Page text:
Whaddya mean ugly?
While academic studies on the nature of beauty abound, this article in the New York Times takes note of some recent efforts by academics to uncover the nature of ugly. The NYT‘s Natalie Angier writes:
Let’s not pussyfoot. They are, by our standards, ugly animals—maybe cute ugly, more often just ugly ugly. And though the science of ugliness lags behind investigations into the evolution of beauty and the metrics of a supermodel’s face, a few researchers are taking a crack at understanding why we find certain animals unsightly even when they don’t threaten us with venom or compete for our food.
Citing researchers like neuroscientist Nancy Kanwishwer, and evolutionary biologist Geoffery Miller, Angier shows how most of our ideas about the aesthetic appeal of animals are based on how closely their physical appearance conforms to, or deviates from, the physical appearance of healthy, attractive, human beings—an idea which cultural critic Wendy Steiner (also quoted in the NYT article) both draws from and complicates with her account of changing perceptions of beauty in her books, Venus in Exile: The Rejection of Beauty in Twentieth-Century Art, and The Real Real Thing: The Model in the Mirror of Art, the latter of which will be published later this fall.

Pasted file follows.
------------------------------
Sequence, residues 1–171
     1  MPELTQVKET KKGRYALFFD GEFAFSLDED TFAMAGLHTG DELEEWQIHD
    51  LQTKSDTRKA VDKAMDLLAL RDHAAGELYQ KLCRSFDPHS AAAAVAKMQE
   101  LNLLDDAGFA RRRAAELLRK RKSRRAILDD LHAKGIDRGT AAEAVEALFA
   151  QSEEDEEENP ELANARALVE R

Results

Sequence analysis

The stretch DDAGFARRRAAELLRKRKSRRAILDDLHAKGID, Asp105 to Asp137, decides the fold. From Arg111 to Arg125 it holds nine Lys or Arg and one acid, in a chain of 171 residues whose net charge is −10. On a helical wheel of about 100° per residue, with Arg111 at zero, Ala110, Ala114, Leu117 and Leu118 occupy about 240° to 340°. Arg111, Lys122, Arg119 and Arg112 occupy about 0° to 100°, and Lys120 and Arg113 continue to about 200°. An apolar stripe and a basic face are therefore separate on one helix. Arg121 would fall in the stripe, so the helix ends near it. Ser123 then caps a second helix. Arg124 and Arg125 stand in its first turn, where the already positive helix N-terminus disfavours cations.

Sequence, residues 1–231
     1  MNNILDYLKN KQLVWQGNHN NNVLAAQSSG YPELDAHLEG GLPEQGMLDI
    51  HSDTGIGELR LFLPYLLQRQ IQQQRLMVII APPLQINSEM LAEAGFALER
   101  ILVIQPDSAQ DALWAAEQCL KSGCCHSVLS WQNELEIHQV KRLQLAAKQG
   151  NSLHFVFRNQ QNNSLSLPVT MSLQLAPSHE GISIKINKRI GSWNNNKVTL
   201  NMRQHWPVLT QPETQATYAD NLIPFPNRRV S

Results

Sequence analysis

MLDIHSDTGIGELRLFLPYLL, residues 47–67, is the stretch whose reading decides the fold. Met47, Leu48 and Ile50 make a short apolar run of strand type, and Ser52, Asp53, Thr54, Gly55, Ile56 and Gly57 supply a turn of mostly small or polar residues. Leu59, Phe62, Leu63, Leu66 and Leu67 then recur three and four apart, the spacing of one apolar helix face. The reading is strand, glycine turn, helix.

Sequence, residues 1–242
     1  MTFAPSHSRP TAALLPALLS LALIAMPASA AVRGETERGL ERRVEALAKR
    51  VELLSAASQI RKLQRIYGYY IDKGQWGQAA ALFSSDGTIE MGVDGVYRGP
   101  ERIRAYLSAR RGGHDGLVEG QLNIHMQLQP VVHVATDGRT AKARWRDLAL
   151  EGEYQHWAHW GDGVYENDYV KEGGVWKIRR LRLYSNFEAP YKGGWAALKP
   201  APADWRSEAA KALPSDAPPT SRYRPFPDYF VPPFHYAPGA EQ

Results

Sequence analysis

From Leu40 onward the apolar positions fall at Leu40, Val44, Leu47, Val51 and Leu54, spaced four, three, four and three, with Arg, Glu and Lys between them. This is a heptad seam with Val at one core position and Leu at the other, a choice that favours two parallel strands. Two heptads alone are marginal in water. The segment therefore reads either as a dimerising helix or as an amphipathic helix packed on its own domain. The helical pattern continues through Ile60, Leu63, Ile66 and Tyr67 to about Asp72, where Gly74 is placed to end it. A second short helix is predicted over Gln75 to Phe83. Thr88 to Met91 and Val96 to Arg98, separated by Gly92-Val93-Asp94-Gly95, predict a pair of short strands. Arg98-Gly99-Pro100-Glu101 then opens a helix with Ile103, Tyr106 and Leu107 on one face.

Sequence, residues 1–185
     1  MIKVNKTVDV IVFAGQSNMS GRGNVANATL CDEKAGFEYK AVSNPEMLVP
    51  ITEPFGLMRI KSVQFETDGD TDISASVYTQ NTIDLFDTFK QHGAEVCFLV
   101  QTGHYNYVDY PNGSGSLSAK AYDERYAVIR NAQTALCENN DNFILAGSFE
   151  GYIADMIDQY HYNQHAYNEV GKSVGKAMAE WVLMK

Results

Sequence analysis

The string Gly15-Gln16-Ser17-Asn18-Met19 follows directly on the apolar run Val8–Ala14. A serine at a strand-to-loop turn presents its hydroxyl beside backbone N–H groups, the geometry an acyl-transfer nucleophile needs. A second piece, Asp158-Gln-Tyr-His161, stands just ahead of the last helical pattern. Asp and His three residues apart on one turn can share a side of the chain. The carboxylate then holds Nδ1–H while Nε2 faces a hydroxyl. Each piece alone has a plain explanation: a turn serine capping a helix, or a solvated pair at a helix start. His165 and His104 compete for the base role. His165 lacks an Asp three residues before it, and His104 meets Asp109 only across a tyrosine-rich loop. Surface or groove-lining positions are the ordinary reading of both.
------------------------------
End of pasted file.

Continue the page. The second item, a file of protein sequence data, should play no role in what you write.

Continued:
In Venus in Exile Steiner documents modernism’s rejection of conventional, representational forms of beauty in favor of the “separate sphere” of the abstract and surreal, and in The Real Real Thing, the convergence of these worlds as new media blurs the line between the virtual and the real—a convergence which Steiner argues offers new ways of thinking about beauty. But will it open up new doors for the star-nosed mole? Angier writes:
Classical beauty is easy, but a taste for the difficult, the unconventional, the ugly, has often been seen as a mark of sophistication, a passport into the rarefied world of the artistic vanguard. “Beauty can be present by its violation,” Dr. Steiner said, and the pinwheel appendages of the star-nosed mole are the rosy fingers of dawn.
Read the full article at the NYT website.